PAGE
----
World History & Research Reports

HISTORY TODAY: Colourising Black-And-White Photos Ignites Kelly Bonato’s Passion

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#AceHistoryDesk says Black-and-white photographs have always been a window to the past, but Kelly Bonato wants a better look: Hidden in an old box in her garage, Kelly rediscovered old family photos from the 1870s that she was given in her 20s: They blew her away: ” according to ABC News Report:

a half black and white, half colour image of two men taken in 1955
Kelly Bonato has found the love of colourising old photographs, like this one of two gentlemen from 1955.(Supplied: Kelly Bonato)

I had forgotten about the photos,” the Adelaide resident say: I had no sense of my family history, so I really had no idea who the people in the photographs were.” Kelly shared the photos with her wider family and quickly learnt her ancestors had been early pioneers in South Australia, hailing from Scotland……..” When I realised just how much my whole family loved them, I began to bring the more well-loved ones back to life.”

a group of people in the late 1800's
Colourising images brings them to life.(Supplied: Kelly Bonato)
black and white image from the late 1800's
This black-and-white image was taken between 1890 and 1910.(Supplied: Kelly Bonato)

Kelly’s son, serendipitously a software engineer, built her a photograph colourisation tool.

Using the new tool and photo editing software, Kelly got to work.

“After I colourise photos, I go back over them on photoshop just to fine-tune the colours whether it be skin tone or the building paint,” she says.

“It’s like a big, great game of colouring-in.”

Learning so much about her family from the rediscovery of the family photo album, Kelly quickly found she had an insatiable thirst for history and old black-and-white photographs — not just those belonging to her family.

a group of people at a picnic in 1898
A picnic in Peterborough in 1898 feels more recent in a colourised image.(Supplied: Kelly Bonato)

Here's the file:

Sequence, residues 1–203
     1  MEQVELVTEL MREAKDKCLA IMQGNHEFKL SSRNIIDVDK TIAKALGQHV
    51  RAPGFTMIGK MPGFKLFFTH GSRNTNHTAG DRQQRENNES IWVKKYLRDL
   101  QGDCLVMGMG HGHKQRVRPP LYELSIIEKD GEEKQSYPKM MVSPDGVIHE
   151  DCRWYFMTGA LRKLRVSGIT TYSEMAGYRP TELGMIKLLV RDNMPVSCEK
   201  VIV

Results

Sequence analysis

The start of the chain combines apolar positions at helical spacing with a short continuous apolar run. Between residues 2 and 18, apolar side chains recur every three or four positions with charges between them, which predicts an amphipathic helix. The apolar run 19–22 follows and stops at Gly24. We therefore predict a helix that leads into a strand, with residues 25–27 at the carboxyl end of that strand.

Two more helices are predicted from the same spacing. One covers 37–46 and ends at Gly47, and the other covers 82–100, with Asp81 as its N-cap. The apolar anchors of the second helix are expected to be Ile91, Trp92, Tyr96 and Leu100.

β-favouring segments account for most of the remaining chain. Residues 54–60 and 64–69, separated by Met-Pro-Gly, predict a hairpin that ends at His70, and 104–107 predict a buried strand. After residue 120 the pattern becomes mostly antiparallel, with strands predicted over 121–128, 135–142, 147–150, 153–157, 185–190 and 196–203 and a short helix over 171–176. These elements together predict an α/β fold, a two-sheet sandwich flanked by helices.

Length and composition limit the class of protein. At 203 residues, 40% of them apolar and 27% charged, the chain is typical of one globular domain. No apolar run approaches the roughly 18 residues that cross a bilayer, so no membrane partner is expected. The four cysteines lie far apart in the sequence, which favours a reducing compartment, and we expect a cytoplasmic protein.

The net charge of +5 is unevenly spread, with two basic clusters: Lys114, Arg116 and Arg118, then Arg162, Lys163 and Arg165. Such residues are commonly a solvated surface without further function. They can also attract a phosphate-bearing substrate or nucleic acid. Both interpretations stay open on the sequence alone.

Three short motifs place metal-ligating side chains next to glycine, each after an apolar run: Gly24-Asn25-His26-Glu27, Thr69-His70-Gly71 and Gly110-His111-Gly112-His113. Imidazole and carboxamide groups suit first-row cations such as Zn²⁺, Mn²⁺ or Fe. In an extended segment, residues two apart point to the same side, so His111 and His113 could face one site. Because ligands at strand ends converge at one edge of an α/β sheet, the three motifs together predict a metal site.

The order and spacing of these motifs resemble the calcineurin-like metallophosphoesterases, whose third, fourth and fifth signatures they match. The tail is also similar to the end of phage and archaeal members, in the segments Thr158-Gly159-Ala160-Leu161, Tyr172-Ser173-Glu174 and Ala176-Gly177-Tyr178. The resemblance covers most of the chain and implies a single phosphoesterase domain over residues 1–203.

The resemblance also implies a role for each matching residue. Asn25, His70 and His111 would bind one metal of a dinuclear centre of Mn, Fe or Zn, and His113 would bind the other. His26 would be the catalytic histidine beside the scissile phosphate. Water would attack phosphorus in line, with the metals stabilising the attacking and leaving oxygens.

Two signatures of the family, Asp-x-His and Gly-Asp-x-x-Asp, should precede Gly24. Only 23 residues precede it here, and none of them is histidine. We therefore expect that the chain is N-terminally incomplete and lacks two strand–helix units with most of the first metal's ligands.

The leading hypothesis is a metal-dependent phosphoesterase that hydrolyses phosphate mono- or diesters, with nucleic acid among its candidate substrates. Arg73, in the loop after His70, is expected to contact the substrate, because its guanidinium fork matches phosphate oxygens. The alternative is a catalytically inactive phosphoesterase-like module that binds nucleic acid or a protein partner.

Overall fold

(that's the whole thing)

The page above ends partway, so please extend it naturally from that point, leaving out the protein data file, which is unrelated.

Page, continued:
a group of people on a picnic in 1898
The original image from the State Library of South Australia, Peterborough Collection.(Supplied: Kelly Bonato)

“I spend hours looking now, trawling the State Library and the state History Trust,” she says.

While others were teaching themselves how to cook sourdough and participating in at-home yoga, Kelly chose to perfect her colourisation skills.

“I wouldn’t call myself an expert, but I used the pandemic time to work on this particular skill and I was never too good at cooking anyway,” she says.

“It has been quite the escape [from the pandemic].”

a large group of women in a photgraph from 1898, half black and white half colourised
The original photo was taken in 1898 by Ernest Gall and is called ‘Theatre at Mr Barr-Smith’s residence’.(ABC North and West)

In technicolour

Kelly believes the colourisation process can bring historical photographs into our current reality.

“For me, personally, it makes them more relevant and brings them alive,” she says.

“We see the world in colour, so when I see things in black-and-white it doesn’t seem as real to me.”

two young girls from 1951
Commonwealth Jubilee Celebrations, Australian Glass Manufacturers Ltd float in a photograph from the State Library colourised by Kelly.(Supplied: Kelly Bonato)
black and white image of two girls in 1951
The original photo in 1951.(Supplied: Kelly Bonato)

Kelly has started a Facebook page, posting both the original black-and-white image and her new colourised version.

“It is important to get people’s attention first with the coloured photo so they then read the history behind it,” Kelly says.

The photographs Kelly chooses to colourise span the entirety of South Australia.

“I have to be honest, I’ve coloured photos from places I have never been to,” she says.

a railway in 1888
‘Railway Cutting, Pichi Richi’, taken by James Taylor in 1888.(Supplied: Kelly Bonato)
an old railway line in 1888
The colourised version.(Supplied: Kelly Bonato)

With a focus on regional photographs, Kelly is drawn to the stories that are not always well-known and, for her, those are stories from the bush.

“I do love finding photographs of people and finding their stories,” she says.

While people seem to be her obsession, she also knows the more important buildings to look out for in the country for her audience.

“Having spent some time in country towns myself, I do keep a close eye out for pubs. I know how important they are.”

people play fighting in a photograph taken at a beach in 1925
The colourised version of an image taken at Sellicks Beach in 1925.(Supplied: Kelly Bonato)
a group of people in a play fight in 1925
The original photograph of a play named Harley-Davidson Club House is from the State Library of South Australia.(Supplied: Kelly Bonato)
#AceNewsDesk report ……….Published: Feb.28: 2022:

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